Saturday, December 28, 2013
Tuesday, December 24, 2013
Sunday, December 22, 2013
and Mayor all Christmas be white.
Binays (be nice), be not naughty
Santa Claus is coming to town.
Mayor Christmas always Binays.
These are some of the revised Christmas carols here in Manila after Makati Mayor Junjun Binay's Dasma gate. Typical Pinoy humor.
On the famous umbrella at night and it was not raining, here are some comments in facebook...
Di ba dapat tapos na tayo sa ganitong pulitika?
"The security guards who figured in the controversy will receive plaques of appreciation from residents of Dasmariñas Village.
Mike Bucoy, general manager of Dasmariñas Village Association, said the plaques of appreciation would be handed to the security guards during the employees’ Christmas Party.
The security guards will also receive Christmas baskets from the homeowners’ association, Bucoy said. Bucoy said the security guards did nothing wrong by refusing exit to Binay’s group at the Banyan gate.
He added that the village did not have a VIP policy, contrary to the statement of Ram Antonio, head of Eight Right Security Inc.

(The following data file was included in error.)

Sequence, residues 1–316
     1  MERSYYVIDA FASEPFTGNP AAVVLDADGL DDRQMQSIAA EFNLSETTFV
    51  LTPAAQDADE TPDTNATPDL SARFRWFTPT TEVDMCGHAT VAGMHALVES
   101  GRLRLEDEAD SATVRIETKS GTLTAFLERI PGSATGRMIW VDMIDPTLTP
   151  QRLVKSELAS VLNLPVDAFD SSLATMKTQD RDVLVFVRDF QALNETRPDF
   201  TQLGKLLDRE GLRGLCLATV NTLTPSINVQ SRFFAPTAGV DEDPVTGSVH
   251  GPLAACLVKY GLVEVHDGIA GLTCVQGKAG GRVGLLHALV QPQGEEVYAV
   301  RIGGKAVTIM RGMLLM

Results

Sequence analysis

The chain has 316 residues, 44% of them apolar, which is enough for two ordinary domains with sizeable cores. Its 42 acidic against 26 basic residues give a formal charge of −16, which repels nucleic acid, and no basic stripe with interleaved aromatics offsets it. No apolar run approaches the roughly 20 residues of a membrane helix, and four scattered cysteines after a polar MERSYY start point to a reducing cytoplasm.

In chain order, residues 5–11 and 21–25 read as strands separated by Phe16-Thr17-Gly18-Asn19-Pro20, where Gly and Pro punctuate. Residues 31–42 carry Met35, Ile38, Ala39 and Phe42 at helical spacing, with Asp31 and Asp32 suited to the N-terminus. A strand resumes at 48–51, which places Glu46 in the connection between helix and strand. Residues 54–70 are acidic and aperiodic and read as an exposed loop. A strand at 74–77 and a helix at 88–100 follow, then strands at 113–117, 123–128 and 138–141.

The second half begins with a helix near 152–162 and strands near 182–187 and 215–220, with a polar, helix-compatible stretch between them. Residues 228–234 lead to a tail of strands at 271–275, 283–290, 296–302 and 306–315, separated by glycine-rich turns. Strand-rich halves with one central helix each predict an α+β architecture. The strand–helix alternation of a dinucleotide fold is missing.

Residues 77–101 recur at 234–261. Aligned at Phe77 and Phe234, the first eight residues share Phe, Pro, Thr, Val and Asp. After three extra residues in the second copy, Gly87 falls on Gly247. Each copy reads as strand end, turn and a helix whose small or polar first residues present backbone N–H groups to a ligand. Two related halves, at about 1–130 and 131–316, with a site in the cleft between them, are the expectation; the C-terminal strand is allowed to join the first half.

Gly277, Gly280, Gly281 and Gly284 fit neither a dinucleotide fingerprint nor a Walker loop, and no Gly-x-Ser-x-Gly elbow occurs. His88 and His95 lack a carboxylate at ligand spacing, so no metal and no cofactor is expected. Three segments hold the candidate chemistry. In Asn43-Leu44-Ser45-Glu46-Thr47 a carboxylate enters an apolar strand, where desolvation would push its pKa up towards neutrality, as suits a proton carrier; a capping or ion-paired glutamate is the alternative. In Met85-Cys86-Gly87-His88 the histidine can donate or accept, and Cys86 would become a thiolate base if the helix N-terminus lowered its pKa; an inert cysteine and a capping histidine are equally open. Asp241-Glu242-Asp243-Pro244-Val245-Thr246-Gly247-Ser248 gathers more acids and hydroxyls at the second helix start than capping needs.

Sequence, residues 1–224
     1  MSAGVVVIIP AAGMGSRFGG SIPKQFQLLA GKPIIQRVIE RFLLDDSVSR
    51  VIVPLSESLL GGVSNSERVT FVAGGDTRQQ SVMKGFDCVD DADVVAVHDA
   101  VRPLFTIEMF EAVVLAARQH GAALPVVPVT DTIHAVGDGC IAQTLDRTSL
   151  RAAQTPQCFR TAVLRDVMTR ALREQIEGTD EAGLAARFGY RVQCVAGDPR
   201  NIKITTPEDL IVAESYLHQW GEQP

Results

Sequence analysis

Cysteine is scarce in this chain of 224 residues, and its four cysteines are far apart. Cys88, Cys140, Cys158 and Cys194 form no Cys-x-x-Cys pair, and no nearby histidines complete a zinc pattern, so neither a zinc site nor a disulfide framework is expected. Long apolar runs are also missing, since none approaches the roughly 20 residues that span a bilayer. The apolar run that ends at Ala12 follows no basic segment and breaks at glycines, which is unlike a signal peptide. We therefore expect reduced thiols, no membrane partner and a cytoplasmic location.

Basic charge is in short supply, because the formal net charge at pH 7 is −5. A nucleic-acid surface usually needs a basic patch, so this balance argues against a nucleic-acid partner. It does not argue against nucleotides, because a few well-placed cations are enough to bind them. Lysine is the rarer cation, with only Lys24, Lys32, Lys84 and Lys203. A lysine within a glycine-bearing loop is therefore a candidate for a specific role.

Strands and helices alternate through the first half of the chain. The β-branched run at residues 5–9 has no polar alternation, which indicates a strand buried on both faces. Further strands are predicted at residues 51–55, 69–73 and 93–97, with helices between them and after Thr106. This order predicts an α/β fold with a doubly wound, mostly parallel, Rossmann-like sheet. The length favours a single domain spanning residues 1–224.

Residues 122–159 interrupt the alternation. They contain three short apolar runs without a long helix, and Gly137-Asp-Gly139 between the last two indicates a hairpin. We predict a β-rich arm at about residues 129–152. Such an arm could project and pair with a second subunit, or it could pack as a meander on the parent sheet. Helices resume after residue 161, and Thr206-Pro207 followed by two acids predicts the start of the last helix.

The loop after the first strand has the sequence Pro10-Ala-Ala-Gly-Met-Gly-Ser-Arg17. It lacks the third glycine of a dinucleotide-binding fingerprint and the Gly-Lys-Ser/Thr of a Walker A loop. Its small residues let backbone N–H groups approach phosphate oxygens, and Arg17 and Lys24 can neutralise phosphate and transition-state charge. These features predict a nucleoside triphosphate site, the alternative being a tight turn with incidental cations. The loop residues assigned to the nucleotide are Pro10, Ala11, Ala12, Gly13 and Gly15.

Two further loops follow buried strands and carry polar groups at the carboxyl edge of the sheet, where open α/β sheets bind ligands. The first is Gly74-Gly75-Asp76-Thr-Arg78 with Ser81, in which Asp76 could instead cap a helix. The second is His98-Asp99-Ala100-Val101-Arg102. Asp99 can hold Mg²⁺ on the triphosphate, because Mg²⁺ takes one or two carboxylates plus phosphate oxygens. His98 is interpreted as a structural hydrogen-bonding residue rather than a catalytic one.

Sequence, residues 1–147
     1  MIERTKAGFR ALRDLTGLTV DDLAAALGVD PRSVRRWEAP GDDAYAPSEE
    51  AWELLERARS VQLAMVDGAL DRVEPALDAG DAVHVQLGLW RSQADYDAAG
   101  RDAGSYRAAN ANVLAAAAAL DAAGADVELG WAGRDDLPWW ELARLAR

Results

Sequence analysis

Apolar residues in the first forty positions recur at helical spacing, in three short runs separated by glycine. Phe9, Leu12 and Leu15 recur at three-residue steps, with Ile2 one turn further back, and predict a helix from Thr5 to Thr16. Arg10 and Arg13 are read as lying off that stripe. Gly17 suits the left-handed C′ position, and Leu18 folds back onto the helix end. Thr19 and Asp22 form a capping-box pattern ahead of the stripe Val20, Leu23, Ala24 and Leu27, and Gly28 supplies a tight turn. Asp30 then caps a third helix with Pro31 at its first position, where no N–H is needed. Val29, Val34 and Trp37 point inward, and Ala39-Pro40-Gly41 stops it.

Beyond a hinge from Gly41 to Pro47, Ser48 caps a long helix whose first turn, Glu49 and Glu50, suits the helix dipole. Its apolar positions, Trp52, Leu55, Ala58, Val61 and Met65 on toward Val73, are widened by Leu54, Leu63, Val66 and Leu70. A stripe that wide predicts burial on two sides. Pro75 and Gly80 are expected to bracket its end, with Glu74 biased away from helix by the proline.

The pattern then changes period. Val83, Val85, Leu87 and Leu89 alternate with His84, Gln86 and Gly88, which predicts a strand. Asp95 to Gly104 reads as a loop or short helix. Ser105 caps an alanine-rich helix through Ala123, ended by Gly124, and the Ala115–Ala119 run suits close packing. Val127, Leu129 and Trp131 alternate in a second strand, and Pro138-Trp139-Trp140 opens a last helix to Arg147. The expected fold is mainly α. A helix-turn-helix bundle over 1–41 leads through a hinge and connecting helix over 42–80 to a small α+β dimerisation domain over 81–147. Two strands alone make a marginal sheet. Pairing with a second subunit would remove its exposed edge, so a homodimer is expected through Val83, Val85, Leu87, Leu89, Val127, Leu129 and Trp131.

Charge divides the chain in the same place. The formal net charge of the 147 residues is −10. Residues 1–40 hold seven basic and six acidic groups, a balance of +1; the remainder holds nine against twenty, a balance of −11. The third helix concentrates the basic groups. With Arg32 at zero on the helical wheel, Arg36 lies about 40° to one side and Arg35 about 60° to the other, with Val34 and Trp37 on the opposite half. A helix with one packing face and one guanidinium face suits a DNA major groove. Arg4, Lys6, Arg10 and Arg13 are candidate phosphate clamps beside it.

Ang pamilya. Bow.
(All photos here from various postings/sources in facebook, none of which I made myself)
Friday, December 20, 2013
The Binay family is the longest-reigning, most politically influential in Makati City, the financial capital of the Philippines. Currently in power are Vice President Jojo Binay, daughter Sen. Nancy Binay, another daughter Congresswoman Abby Binay, and son Makati Mayor Junjun Binay. The wife of the VP was also a former Mayor of Makati.
Last November 30 this year, an incident happened inside Dasmarinas Village, Makati City. Before 12 midnight, Mayor Junjun and his backup vehicles wanted to get out of the Banyan gate, fronting Mckinley Road. Dasma village security guards that night did not allow him to exit. The policy is by 10pm, minor gates like Banyan, Lumbang and Mantrade gates, entry only for cars with Dasma village resident sticker, but even residents cannot exit there. They must use the two main gates at Palm Ave. and Pasay Road.
The Mayor and his security insisted that they should get out of that gate, a stand off occurred. The guards at the gate called more guards while the Mayor called the Makati police. Pinoy humor kicks in, as usual, with these photos, all posted in facebook. The "real reason" why the Mayor could not get out of the gate -- Gandalf stopped them. :-)